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Maybe you’ve seen the ad. A four-year old boy walks into a crowded train station with his mother. She lets go of his hand and walks away. Separated from his mother, standing alone and frightened as the crowd of passengers swarms around him, looking frantically around for his mother, the boy quickly dissolves from lost confusion into hysterical tears.

A voice-over breaks in. “This is how your child feels after losing you for a minute. Just imagine if they lost you for life.”

It’s an anti-smoking commercial, part of a graphic series of ads the NY Department of Health is running in New York City. The ad has caused a bit of a stir because this gut-wrenching scene wasn’t just acting. The little boy really did lose sight of his mother during the making of the ad. And it was done on purpose.

But I’m not here to talk about manipulative advertising, child abuse, or "crying porn." I have my own opinion, as, no doubt, do you. Instead, I wanted to talk about my reaction the first time I saw this ad.

Yes, it’s all about me again. Sorry.

The first time I saw that little boy, all alone and crying, I broke down in tears. No chance to think about it first. No chance to stop it. The tears just came, instantly.

A friend of mine who was also watching looked over at me like I was having a nervous breakdown. As he later told me, he thought the ad may have been a little sad, but he felt nothing like the emotions that were pouring unbidden out of me at that moment.

The difference? He had no kids. I have a 3-year old son, with beautiful blond hair and the most adorable smile you have ever seen. I love my son with all of my heart. And when I have seen tears on my son’s cheeks like those in the commercial -- and see them I have -- every instinct in my body cries out to help him, to make those tears go away. It’s more than a want or a need. It’s an imperative. And before I had a child of my own, I had no clue how compelling and primal that imperative was.

Had I seen this commercial before I had a child of my own, I might have felt much like my friend. Saddened maybe, but not touched personally. And it wasn’t until I had experienced a similar event, with my own son, that I gained the compassion and understanding to connect on a personal level.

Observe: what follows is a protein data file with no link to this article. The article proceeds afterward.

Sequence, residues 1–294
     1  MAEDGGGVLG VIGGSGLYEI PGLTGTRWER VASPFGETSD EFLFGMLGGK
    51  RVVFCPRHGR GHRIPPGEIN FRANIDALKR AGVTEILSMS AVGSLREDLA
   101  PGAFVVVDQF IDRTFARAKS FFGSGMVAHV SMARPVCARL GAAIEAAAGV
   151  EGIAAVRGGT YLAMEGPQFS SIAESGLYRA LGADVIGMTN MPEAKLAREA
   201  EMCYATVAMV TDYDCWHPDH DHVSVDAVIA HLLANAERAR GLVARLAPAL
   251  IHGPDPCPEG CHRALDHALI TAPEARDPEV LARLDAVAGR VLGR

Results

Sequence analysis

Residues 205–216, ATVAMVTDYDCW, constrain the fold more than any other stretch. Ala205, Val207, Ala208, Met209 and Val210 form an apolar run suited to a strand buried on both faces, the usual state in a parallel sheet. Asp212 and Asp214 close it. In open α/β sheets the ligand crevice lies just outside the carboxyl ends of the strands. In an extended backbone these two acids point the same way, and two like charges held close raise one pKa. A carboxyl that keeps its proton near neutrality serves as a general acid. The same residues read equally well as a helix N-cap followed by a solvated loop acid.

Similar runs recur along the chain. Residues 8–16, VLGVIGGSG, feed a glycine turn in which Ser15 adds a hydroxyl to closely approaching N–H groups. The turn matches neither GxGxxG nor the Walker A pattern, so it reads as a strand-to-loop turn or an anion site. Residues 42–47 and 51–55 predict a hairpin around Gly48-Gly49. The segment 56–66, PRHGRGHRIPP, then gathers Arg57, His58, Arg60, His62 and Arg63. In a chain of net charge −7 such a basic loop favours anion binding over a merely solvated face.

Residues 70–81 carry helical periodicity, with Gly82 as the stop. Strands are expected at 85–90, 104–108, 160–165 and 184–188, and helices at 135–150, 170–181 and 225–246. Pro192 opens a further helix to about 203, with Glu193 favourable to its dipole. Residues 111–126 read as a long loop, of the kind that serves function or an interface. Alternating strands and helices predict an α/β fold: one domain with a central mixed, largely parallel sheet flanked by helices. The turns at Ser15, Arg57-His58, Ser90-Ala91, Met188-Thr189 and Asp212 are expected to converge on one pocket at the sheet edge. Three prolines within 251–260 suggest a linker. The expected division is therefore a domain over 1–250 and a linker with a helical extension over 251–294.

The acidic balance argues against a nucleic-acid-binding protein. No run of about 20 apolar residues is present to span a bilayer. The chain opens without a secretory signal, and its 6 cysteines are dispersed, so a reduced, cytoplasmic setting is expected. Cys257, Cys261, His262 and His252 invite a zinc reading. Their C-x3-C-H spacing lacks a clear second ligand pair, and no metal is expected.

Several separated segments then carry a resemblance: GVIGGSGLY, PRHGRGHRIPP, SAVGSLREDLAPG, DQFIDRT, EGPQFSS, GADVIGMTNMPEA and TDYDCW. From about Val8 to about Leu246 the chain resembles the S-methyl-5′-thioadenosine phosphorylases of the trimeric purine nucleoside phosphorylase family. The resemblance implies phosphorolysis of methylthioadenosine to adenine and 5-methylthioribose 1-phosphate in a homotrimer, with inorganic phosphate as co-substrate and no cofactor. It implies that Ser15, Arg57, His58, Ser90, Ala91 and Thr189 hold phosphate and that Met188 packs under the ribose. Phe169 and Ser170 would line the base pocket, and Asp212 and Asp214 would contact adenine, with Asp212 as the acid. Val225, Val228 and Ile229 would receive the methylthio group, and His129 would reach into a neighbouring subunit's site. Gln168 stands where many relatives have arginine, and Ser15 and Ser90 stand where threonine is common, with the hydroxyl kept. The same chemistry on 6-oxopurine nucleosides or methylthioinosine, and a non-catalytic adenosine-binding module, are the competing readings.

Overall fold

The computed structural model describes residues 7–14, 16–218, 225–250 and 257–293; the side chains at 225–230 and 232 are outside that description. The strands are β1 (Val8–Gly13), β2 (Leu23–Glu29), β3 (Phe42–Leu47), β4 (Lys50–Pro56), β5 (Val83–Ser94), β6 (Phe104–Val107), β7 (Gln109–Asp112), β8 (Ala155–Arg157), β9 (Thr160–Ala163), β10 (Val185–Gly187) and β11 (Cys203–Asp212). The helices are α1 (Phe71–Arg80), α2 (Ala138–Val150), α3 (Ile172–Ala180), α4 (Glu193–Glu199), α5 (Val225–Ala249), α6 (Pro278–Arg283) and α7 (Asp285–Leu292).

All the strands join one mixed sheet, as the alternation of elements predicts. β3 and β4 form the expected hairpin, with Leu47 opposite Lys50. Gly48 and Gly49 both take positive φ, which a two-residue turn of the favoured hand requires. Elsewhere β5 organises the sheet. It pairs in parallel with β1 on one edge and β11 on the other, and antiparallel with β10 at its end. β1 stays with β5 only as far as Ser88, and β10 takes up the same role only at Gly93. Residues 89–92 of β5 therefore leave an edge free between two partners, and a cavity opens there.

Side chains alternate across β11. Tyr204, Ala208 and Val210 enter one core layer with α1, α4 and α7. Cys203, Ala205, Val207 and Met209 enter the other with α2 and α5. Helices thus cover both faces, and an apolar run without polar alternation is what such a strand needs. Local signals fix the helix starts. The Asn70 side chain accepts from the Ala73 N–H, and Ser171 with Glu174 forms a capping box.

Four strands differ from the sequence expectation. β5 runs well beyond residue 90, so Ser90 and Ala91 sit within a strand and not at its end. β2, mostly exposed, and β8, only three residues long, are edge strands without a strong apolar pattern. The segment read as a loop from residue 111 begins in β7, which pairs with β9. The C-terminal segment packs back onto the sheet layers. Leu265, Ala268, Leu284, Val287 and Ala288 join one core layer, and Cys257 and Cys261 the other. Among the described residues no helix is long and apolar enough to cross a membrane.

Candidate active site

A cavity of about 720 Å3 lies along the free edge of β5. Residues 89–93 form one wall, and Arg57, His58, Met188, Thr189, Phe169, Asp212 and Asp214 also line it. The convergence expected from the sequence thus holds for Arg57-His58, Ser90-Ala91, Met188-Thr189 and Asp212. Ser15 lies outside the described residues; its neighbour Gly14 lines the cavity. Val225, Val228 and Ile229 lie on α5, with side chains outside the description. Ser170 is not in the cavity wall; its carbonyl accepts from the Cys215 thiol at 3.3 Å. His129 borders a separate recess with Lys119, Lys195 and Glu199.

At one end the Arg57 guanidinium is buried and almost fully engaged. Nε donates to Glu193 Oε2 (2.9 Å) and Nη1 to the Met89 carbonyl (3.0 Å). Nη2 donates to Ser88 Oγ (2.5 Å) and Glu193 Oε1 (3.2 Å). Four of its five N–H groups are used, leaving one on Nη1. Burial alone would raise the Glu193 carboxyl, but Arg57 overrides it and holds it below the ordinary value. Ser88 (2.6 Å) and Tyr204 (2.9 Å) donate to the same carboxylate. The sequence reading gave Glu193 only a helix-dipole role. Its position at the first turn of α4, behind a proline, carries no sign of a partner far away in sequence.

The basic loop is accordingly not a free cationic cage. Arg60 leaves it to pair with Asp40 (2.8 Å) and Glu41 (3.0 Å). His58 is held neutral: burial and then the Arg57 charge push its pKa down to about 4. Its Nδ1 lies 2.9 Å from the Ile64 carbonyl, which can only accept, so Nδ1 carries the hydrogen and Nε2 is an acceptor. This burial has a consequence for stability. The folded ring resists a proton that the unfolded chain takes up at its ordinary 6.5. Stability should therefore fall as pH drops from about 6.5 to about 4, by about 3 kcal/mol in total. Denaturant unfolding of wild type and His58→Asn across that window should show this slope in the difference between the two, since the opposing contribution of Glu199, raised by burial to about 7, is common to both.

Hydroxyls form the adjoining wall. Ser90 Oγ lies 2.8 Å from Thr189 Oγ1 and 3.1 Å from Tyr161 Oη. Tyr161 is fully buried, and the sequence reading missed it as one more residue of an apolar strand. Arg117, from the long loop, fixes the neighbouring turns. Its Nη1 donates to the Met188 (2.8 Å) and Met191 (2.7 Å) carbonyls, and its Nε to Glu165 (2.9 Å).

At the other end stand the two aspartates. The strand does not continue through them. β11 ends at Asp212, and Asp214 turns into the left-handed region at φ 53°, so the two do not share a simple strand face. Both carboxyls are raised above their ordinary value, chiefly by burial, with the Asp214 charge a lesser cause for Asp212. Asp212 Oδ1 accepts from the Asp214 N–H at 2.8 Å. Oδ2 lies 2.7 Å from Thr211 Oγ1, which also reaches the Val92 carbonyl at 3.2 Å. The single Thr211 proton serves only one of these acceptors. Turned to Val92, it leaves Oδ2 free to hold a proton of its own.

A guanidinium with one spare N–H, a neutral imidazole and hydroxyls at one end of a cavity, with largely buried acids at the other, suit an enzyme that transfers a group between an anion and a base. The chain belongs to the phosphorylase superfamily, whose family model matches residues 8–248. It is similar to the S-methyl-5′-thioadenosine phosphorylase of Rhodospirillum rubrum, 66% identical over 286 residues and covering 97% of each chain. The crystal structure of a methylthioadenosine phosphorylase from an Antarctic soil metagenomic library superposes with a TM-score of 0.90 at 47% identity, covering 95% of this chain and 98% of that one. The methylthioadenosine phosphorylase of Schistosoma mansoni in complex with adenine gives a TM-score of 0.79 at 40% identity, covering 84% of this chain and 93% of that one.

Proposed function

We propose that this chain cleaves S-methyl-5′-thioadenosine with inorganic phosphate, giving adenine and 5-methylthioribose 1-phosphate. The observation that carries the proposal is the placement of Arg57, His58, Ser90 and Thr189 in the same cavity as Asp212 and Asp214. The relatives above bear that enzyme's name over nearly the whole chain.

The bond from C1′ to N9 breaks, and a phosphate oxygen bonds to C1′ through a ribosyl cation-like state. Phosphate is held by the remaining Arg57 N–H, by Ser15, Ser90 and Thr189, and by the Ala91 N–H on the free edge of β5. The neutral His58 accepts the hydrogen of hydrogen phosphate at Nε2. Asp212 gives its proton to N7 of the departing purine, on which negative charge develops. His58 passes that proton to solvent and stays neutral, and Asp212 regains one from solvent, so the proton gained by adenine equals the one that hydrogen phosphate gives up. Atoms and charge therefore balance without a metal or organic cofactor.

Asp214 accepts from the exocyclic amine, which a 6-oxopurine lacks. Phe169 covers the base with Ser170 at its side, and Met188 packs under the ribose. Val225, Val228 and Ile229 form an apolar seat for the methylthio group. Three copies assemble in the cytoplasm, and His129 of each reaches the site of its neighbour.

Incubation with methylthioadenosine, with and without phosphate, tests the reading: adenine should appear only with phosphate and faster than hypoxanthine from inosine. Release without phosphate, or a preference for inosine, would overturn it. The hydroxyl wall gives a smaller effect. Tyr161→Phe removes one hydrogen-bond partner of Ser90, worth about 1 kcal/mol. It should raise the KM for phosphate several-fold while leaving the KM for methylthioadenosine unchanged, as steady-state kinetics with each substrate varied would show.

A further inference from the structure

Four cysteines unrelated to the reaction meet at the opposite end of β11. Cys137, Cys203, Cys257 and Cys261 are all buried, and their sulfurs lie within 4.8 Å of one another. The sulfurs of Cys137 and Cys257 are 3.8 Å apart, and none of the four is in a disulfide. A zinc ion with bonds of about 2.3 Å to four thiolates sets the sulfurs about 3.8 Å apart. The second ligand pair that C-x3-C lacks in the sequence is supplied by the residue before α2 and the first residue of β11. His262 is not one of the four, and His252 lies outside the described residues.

They tell me that I can’t really know someone else until I’ve walked a mile in their shoes. Or as my Healing Place friends might say, “How you know where I’m at, you ain’t been where I been?”

This I believe. Some among us have the gift of compassion. Such people are better able than most to put themselves in the place of the less fortunate, to “feel their pain,” as Bill Clinton famously said. The rest of us must rely on our life experiences to build love and compassion for others.

Because of my season as a homeless alcoholic, I am better able to understand and care for the homeless around me. Without that experience, I doubt I’d be Associate Director of CARITAS Works, a non-profit in Richmond caring for the homeless and those at-risk.

Because of my season as an oppressed minority, specifically a gay man, I am better able to understand and care for those around me who have experienced discrimination and oppression. Without that experience, I doubt I’d have made all the friends I have over the past two years at The Healing Place, and I certainly wouldn’t have been as good a friend in return.

My senior partner at Hogan & Hartson, a guy named Bob, once told me that to be a good trial lawyer, you have to do everything in your life you can without being convicted. That’s the only way you can look your jurors in the eye with understanding as you tell your story.

Bob, I’m working on it.

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